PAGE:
Siding more with the 2007 Farmers’ Almanac rather than forecasts released recently by National Oceanic and Atmospheric Administration (NOAA) and EarthSat Energy Weather, AccuWeather.com Long-Range Forecaster Joe Bastardi said last week that he expects the 2006-2007 winter to be colder than normal along the high-energy-demand East Coast and eastern Gulf Coast.
Bastardi said he believes that the current El Nino pattern will be one of the factors that determines the nature of the coming winter, but that the government’s weather service is overplaying its effects. Unlike the NOAA forecast, Bastardi does not see this winter being warmer than normal across the vast majority of the country. However, he is predicting a warmer than normal winter from the western Great Lakes to the Pacific Northwest.
According to some in the natural gas industry, Bastardi’s bullish forecast for the East was partially responsible for the surge in natural gas futures prices during the week. For the week ended Oct. 20, the November natural gas contract soared $1.582 to close at $7.241.
“In addition to this early chill, I also think the question of what kind of winter is it going to be is back on the table due to recent conflicting forecasts,” a Washington, DC-based broker said. “Some are now calling for it to be potentially colder than normal in the East, which is why I think there is still some strength in this bull move.”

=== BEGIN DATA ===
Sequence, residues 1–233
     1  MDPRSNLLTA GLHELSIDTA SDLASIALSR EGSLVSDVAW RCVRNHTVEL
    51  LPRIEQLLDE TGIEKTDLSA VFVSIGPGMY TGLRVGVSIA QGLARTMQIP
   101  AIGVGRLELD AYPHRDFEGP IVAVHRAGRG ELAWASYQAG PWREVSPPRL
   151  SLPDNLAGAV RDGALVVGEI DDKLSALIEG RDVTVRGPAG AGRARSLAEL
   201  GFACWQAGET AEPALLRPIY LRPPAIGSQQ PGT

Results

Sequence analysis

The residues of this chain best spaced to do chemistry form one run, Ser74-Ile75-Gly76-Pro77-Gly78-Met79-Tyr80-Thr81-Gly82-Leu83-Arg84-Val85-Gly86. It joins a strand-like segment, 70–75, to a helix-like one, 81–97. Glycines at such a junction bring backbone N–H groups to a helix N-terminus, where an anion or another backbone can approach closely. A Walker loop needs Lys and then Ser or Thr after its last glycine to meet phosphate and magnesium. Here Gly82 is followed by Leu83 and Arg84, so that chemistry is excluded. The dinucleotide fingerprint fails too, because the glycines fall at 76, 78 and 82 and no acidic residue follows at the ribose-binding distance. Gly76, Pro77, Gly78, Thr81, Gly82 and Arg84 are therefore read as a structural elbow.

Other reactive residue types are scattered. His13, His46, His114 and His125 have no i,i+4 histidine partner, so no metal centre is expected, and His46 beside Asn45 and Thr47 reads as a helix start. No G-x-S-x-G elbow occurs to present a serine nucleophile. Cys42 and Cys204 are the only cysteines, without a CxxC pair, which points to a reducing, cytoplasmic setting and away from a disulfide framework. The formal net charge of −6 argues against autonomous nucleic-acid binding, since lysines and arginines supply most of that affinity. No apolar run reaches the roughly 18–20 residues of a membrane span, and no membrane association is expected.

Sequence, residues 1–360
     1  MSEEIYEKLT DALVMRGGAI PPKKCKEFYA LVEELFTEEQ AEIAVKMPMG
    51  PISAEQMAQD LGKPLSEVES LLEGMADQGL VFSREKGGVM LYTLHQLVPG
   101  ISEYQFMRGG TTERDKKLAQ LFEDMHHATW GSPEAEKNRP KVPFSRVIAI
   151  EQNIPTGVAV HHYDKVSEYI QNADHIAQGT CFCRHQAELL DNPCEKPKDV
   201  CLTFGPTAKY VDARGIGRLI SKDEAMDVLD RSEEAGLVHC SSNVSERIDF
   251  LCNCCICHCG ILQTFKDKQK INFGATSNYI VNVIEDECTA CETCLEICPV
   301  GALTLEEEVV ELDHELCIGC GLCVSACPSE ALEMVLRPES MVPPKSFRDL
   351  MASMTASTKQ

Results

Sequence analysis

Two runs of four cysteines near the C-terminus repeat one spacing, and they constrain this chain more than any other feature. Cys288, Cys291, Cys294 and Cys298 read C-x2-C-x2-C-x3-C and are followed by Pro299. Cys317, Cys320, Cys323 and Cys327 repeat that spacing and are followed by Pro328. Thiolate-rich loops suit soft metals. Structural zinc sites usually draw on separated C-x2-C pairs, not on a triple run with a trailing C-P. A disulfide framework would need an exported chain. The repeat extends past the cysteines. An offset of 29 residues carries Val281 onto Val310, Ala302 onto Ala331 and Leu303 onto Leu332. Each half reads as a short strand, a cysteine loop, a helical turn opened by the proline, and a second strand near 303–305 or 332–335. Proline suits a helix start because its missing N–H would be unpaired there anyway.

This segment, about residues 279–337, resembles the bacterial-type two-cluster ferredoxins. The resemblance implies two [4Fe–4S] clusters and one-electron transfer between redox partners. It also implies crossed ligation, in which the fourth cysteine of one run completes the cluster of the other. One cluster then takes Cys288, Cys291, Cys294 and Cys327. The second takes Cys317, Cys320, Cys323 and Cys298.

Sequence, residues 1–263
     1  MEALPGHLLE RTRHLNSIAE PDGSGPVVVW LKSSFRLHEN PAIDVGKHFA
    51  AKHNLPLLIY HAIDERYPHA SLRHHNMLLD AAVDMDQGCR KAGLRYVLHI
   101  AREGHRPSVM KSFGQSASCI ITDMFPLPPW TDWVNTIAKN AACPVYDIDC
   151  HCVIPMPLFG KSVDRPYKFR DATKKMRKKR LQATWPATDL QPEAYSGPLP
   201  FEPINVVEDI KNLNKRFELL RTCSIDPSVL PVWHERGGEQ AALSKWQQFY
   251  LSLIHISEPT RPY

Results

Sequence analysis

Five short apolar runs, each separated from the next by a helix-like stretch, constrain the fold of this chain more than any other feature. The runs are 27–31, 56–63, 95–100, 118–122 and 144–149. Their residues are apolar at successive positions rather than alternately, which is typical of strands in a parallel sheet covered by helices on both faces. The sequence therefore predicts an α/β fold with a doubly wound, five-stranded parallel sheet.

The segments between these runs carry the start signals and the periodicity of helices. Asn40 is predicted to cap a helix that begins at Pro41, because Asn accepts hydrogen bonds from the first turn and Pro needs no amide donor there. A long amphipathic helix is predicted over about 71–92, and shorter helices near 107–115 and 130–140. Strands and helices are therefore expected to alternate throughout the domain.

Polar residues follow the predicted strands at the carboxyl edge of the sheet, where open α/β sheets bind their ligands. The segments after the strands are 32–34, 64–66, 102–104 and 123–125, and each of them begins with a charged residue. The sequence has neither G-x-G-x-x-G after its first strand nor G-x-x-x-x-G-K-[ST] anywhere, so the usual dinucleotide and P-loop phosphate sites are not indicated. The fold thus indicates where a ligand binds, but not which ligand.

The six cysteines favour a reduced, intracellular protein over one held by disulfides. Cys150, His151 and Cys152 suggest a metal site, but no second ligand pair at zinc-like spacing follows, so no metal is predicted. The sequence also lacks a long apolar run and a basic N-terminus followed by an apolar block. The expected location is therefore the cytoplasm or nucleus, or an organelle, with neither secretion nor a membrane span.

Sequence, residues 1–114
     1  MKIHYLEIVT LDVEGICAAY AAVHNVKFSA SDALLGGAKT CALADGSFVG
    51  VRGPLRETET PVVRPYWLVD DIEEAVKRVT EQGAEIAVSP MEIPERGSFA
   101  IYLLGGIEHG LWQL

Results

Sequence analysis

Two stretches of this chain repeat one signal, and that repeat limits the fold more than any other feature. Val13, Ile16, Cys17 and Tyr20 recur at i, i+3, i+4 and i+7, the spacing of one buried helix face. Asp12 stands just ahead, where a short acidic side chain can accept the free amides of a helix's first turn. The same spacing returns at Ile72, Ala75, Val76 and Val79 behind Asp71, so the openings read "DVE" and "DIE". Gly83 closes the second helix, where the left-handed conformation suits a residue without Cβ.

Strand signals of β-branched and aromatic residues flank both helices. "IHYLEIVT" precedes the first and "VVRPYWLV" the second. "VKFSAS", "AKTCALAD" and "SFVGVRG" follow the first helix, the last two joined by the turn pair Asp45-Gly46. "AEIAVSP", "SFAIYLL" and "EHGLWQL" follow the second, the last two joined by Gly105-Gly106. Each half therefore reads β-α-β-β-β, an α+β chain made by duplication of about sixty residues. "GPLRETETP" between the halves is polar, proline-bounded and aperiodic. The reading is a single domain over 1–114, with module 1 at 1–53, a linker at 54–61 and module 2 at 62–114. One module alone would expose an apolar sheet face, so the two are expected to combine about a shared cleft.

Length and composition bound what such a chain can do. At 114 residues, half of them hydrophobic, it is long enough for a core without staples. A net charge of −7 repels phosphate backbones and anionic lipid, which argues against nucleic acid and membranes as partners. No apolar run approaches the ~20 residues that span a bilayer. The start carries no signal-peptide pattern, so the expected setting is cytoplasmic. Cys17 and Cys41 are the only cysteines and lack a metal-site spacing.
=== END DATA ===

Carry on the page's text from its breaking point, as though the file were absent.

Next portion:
While the 2007 Farmers’ Almanac predicts a cold winter from coast to coast for the U.S. (see NGI, Sept. 11), both NOAA and EarthSat Energy Weather expect the season to be colder than last year but warmer than normal.
Sticking to its winter forecast released earlier this month (see NGI, Oct. 16), NOAA reiterated on Thursday that it expects this winter is to be warmer than the 30-year norm (1971-2000) over much of the nation, yet cooler than last year’s very warm winter season. NOAA’s heating degree day forecast for December, January and February projects a 2% warmer winter than the 30-year average but about 8% cooler than last year.
The winter forecasts of AccuWeather and NOAA being at odds is not a new situation. In October 2005, NOAA called for a warmer than normal 2005-2006 winter, while AccuWeather was looking for colder than normal conditions at least in the Northeast (see NGI, Oct. 17, 2005). The winter turned out to be warmer than normal on the whole.
For the 2006-2007 winter, the government forecasting agency pointed out that while there has been early season snowfall in Buffalo and wintry weather in the upper Midwest and Rockies this month, NOAA’s meteorologists say there is not much correlation between fall weather and the winter season.